A racing automobile with its bonnet adorned with great tubes like serpents with explosive breath … a roaring motor car which seems to run on machine-gun fire, is more beautiful than the Victory of Samothrace
( Filippo Tommaso Marinetti. The Futurist Manifesto).

The  really deadly potential of  Iron Man 2 lies in its confusion of reality with fiction. It’s effusively seductive gadgets are all based on real-world counterparts (see Stark’s effectively super-powered iPhone), and I already mentioned it’s take on the historic World’s Fairs (both cases were engineered by Perception studios, whose effects reels are totally worth watching). The glass touch-phone Stark wields in the trial is fictional, but other characters were outfitted with LG bluetooth headsets “at LG’s request” to connect the actual brand with the magical futurism on display in the film (The Story Behind Iron Man 2’s Transparent  Phone.  Forbes).  By inundating the film with such futuristic technology Favreau has marked the obsessions of our time and failed to learn from the marvelously inane Futurists.

While important, none of this really stands out from Adorno and Horkheimer’s declaration that “real life is becoming indistinguishable from the movies” (Dialectic of Enlightenment 126). What is uncomfortably resonant in Iron Man 2 is the protagonist’s continuous progression toward becoming a machine. Easy to look past when faced with the character’s equally relentless wit, is the fact that Stark is wholeheartedly a cyborg, and that once given a mythically robotic heart he upgrades and modifies his body with little distinction between it and his other inventions. When declaring “I am Iron Man. The suit and I are one”,  Stark courageously fulfills Donna Haraway’s proclamation of “pleasure in the confusion of boundaries” but fails to enact “responsibility in their construction” as the character’s godlike tech abilities provide a scary example for the real-world to follow (A Manifesto for Cyborgs 2270). Every narrative conflict is dealt with through technology and each upgrade (the suits’, the arc reactor’s, the film’s effects and action sequences in relation to its predecessor) mirrors the shameless progress of Modernism.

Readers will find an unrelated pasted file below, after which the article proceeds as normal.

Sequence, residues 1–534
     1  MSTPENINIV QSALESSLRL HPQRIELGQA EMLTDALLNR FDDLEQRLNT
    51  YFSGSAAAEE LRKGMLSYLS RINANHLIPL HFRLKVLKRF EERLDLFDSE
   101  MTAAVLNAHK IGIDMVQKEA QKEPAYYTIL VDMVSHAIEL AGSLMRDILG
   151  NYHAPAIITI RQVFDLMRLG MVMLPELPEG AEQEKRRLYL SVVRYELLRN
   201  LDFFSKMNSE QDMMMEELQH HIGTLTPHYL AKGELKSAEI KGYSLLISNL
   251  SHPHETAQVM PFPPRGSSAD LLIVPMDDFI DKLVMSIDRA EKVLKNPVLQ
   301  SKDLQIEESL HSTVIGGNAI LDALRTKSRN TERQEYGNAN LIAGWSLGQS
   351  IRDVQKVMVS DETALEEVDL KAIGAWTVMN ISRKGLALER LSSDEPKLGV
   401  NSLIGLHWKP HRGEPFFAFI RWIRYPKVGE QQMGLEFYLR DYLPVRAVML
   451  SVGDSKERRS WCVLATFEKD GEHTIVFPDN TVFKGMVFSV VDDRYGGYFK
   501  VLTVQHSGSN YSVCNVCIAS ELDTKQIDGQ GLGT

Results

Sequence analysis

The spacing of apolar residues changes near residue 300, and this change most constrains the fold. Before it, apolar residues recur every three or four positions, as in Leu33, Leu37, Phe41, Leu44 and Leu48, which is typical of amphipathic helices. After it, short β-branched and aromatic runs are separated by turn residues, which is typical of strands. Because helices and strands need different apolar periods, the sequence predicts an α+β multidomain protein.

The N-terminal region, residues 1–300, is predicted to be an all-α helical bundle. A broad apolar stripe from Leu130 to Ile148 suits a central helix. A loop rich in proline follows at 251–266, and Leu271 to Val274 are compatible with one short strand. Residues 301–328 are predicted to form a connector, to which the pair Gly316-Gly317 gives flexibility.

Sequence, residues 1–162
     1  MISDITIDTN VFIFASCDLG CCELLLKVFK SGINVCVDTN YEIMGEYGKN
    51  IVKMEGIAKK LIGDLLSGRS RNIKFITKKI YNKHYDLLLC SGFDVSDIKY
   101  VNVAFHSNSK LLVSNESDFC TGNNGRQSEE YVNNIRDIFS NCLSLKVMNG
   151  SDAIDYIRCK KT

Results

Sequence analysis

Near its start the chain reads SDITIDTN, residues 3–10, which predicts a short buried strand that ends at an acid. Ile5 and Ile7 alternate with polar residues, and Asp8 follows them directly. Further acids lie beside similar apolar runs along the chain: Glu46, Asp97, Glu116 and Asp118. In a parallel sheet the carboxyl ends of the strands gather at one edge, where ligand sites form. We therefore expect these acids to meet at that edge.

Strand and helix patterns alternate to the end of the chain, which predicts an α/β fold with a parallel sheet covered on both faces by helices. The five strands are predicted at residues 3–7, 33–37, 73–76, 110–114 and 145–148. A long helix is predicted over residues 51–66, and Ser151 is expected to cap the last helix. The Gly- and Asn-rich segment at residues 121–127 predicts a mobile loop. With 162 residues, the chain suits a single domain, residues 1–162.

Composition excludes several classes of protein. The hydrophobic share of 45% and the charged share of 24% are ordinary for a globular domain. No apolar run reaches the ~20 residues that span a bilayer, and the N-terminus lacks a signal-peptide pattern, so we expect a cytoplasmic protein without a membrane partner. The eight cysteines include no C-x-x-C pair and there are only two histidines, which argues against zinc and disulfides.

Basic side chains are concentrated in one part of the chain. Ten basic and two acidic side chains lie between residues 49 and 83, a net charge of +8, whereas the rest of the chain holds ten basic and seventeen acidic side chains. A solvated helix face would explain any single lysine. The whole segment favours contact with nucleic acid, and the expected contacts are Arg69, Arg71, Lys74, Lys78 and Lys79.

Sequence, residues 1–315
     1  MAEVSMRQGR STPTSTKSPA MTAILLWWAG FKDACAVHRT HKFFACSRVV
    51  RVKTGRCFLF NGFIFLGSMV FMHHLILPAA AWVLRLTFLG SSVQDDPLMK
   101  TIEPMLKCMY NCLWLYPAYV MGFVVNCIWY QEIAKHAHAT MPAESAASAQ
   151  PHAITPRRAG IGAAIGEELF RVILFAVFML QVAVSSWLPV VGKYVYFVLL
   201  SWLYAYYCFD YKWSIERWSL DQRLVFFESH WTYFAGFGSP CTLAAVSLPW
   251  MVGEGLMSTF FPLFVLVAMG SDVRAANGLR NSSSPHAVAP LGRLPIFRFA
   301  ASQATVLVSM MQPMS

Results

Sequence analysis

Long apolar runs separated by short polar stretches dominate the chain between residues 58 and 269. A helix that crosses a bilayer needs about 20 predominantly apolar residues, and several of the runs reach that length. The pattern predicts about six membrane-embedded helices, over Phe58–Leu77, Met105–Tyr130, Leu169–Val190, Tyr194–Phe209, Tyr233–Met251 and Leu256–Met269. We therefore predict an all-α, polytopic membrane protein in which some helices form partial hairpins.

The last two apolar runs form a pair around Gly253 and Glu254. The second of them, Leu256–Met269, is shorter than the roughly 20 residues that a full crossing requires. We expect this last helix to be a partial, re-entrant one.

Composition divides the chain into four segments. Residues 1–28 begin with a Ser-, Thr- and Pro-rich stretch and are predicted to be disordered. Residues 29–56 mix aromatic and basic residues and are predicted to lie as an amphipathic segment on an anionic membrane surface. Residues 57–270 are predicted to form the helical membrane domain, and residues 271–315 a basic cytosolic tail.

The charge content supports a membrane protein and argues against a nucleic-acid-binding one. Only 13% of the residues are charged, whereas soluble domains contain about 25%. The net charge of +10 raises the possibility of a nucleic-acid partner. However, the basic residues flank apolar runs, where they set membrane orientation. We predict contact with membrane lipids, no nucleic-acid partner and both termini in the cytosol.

The scale and success of the film’s production should point to it’s resonance with culture at large, and when our cinematic heroes are pumping themselves full of titanium and holograms, should we expect any less from your run-of-the-mill citizen? Referring to McLuhan’s importance of medium, we can see how the massively digitized properties of blockbuster film-making perfectly suits this type futuristic propaganda. At a time when Apple is lauding the iPad as a “magical and revolutionary” device, the difference between the real world and the fantasy sold in mainstream Sci Fi is growing perilously small. If today’s culture industry still embodies Horkheimer and Adorno’s claim:  “a system which is uniform as a whole and in every part”, then I believe that alongside thoughtless adoration of technology we must be wary of the accompanying attraction to the futuristic as prescribed by – in this case –  Paramount Pictures (Dialectic of Enlightenment 120).